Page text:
ST. PAUL — Minnesota election officials have counted 12,354 mail-in ballots since Election Day to put toward the state's final vote tally.
Not all of them were late-arriving ballots, which had until Tuesday, Nov. 10, to be delivered. Some, though it's unclear at this point how many, were likely cast on or before Election Day and counted during a 48-hour grace period that followed it.
"We don't know the pure number of those that came in after Election Day and won't until, I'm guessing, tomorrow (Wednesday)," Minnesota Secretary of State Steve Simon said in an interview Tuesday.
Minnesota was slated to wrap up its voting counts for the 2020 election on Tuesday having already counted most of the vote last week. The state declared for former Vice President Joe Biden and posted election results in numerous congressional, state and local races early Wednesday morning, Nov. 4, well before other parts of the U.S. had results of their own.
At least in Minnesota, no race results appear likely to change because of votes tabulated since last week.
"At this point, I can't say I know of any race on any level that was impacted by that," he said.
The new voting figures reported by the Minnesota Secretary of State's Office on Tuesday likely include votes from Election Day or earlier because lawmakers this year gave cities and counties an extra 48 hours to finish counting the votes they had on hand by that point. An agreement the Minnesota Secretary of State's Office reached with voting rights groups in court over the summer, meanwhile, allowed mail ballots postmarked by Tuesday, Nov. 3, to be accepted and counted up to seven days later.
Shortly before Election Day, however, a federal appeals court panel ruled that Minnesota must "segregate" ballots arriving after Nov. 3 because their validity may be subject to additional lawsuits. As of Tuesday, Nov. 10, though, Simon said no such suits have been filed.
Simon said previously that his office would seek to preserve votes cast in state and local races in any suits centered on the presidential contest.
Mail-in voting ostensibly expanded in many states this election cycle to keep voters safe during the coronavirus pandemic. In Minnesota, voters applied for a record 2.1 million absentee ballots that could either be returned in person or by mail ahead of Election Day.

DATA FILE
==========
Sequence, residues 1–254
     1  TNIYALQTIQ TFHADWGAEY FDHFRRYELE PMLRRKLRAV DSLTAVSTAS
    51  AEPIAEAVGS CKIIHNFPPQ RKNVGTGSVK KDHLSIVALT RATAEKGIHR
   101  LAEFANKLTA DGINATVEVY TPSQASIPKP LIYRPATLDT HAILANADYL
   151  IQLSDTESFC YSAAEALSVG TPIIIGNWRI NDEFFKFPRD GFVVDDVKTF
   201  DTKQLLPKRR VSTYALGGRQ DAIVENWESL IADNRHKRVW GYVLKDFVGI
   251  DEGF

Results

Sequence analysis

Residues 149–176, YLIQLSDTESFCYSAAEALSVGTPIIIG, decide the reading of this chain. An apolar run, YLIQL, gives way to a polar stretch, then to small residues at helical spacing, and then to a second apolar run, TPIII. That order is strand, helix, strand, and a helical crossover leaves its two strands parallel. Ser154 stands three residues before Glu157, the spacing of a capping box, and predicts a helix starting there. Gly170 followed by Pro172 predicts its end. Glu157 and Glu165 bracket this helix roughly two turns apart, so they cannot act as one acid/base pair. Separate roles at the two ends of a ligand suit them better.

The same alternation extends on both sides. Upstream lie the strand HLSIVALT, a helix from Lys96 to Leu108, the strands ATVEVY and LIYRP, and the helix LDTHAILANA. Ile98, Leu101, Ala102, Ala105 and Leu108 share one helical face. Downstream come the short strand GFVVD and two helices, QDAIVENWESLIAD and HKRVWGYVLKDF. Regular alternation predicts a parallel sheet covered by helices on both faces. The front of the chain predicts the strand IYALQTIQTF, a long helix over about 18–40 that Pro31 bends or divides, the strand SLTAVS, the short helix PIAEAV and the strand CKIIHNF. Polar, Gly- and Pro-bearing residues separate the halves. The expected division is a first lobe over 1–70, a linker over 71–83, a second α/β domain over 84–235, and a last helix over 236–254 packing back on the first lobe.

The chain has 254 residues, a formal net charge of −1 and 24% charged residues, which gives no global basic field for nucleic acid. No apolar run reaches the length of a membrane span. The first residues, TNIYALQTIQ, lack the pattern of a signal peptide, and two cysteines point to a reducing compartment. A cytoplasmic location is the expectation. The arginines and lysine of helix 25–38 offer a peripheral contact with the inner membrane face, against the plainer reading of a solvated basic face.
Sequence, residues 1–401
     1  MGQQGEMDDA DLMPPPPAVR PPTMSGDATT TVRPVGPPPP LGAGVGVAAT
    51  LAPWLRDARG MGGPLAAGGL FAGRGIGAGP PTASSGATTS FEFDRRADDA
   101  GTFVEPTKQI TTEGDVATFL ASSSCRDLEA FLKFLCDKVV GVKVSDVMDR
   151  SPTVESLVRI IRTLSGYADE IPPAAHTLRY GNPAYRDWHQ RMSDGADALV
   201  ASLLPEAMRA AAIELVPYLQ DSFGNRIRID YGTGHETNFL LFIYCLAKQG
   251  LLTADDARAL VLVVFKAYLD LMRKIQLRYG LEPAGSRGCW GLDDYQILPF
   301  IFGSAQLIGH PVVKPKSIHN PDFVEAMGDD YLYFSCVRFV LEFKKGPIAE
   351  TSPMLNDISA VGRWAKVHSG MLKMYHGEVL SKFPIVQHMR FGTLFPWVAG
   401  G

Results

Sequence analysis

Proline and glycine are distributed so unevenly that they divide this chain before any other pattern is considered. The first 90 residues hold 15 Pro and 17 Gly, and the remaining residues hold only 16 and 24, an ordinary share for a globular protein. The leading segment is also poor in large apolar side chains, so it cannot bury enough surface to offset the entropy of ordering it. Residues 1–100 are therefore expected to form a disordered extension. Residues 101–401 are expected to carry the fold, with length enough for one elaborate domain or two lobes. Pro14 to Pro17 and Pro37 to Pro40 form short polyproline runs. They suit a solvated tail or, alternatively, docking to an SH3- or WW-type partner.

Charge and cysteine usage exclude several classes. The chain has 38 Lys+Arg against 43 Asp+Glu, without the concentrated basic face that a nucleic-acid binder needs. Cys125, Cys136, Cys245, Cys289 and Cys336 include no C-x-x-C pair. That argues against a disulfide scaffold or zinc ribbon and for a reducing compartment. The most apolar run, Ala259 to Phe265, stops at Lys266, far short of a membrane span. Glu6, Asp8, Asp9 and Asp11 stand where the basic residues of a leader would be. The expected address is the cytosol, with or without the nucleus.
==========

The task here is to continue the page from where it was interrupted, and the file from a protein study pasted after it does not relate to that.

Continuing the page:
Approximately 1.85 million were returned and accepted, according to the secretary of state's website. Some of the outstanding ballots may not have been filled out and returned while others were canceled out by voters who requested them but instead chose to vote in person on Election Day.
Despite the high volume of mail voting, along with fears of civil unrest and voter intimidation, election officials and others said Election Day was relatively free of incident.
"Overall, similar to what I’ve seen in the past, Minnesota has very well-run elections. And I think this year was very similar to other years,” American Civil Liberties Union community engagement director for Minnesota Jana Kooren said.
More information on the number of mail votes that were not, for whatever reason, postmarked by Nov. 3 may come to light Friday, Nov. 13, when Minnesota cities and counties are required to certify election results. The same goes for Tuesday, Nov. 23, when Minnesota's state canvassing board will meet to certify statewide race results.
Asked about the number of mail ballots that missed the Nov. 3 postmark cutoff, the U.S. Postal Service referred back to local election officials for comment.
"The Postal Service is committed to delivering every piece of election mail as it has been presented to us," USPS regional spokesperson Nicole Hill said in an email.